Because as Jonah Lehrer’s book title neatly sums up: Proust was a Neuroscientist. But what does that really mean?

Just this: an effective story mirrors life – our inner life that is – which is precisely why we turn to it. Thus it’s imperative that the protagonist, all characters in fact, have brains that operate the same way ours does. Story is built into the architecture of our brain, and so it must be in theirs.

Especially since we are wired to come to story hunting for insight into how people – real people, people like you and me and that weird guy over there — think. Not what they say, not what they do. But why.

After all, we can see what people do, we don’t need a story to show us that. The question we’re always asking is “WHY? What on earth were they thinking?” Heck, it’s what we’re always wondering out here in real life, and now more than ever.

Story’s goal – and the reason we’re drawn into a story to begin with — is to answer that question. Here’s the thing: our brain automatically knows that’s what we’re looking for, even though, consciously, we don’t. It’s not a choice, it’s not something we’re taught. It’s biology.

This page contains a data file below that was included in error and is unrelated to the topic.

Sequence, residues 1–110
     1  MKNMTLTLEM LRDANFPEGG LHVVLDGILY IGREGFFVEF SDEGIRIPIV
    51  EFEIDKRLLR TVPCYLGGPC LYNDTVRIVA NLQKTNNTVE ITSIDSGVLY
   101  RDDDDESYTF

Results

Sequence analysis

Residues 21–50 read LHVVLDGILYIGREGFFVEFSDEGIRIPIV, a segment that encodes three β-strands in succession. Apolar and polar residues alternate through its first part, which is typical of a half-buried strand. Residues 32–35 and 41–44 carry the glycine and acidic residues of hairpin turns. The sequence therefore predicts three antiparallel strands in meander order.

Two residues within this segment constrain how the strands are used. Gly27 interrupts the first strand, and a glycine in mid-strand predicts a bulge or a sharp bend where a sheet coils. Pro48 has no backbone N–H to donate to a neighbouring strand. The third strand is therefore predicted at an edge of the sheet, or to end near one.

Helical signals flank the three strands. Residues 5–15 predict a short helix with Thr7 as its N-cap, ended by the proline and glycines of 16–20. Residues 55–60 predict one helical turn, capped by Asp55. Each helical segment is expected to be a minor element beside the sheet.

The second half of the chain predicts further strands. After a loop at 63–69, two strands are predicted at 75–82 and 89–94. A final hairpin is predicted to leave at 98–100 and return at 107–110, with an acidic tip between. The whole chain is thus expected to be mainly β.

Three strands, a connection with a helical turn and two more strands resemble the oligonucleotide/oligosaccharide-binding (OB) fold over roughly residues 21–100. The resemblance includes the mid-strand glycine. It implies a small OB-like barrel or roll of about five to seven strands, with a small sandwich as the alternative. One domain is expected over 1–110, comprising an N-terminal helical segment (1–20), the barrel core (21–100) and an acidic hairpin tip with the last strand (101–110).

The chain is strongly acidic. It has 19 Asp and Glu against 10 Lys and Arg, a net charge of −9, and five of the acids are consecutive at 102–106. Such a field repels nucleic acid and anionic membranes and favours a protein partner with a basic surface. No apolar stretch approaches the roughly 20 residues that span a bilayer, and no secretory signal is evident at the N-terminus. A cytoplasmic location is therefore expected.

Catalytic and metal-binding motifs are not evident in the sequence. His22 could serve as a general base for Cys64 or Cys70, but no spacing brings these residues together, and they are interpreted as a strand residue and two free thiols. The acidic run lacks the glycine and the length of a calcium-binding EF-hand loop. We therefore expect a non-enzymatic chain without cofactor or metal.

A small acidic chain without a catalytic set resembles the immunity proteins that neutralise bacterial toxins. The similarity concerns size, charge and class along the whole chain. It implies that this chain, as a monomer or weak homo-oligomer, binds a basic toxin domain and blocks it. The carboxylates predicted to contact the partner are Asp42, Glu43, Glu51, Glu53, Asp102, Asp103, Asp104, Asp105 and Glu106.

The Writer’s Misbelief: The Two Most Damaging Writing Myths

And here’s the irony: precisely because we don’t know what’s really hooking us, writers are often taught not to do the very thing that the reader is wired to instantly hunt for and respond to.

Myth Number One: Don’t give us internality. Don’t tell us what the character is thinking.

Myth Number Two: And whatever you do, if you have to give us backstory, do it sparingly, when the reader needs to know something.

Wrong, wrong, wrong. A hundred times wrong.

The Truth: Brain Science Edition

This is something I thought about a lot as I wrote my new book, Story or Die: How to Use Brain Science to Engage, Persuade, and Change Minds in Business and in Life. I spent the past couple of years diving deep into current neuroscience research, into evolutionary biology, into social science experiments – and the scientific evidence on what pulls us into a story is pretty definitive. And thrilling. Because it gives writers clear guidelines about what we need to get onto the page. And what we need to create first – backstory — in order to have something to get onto the page at all. (You know I want to point out here that this is precisely why neither pantsing nor plotting work. I’ll refrain.)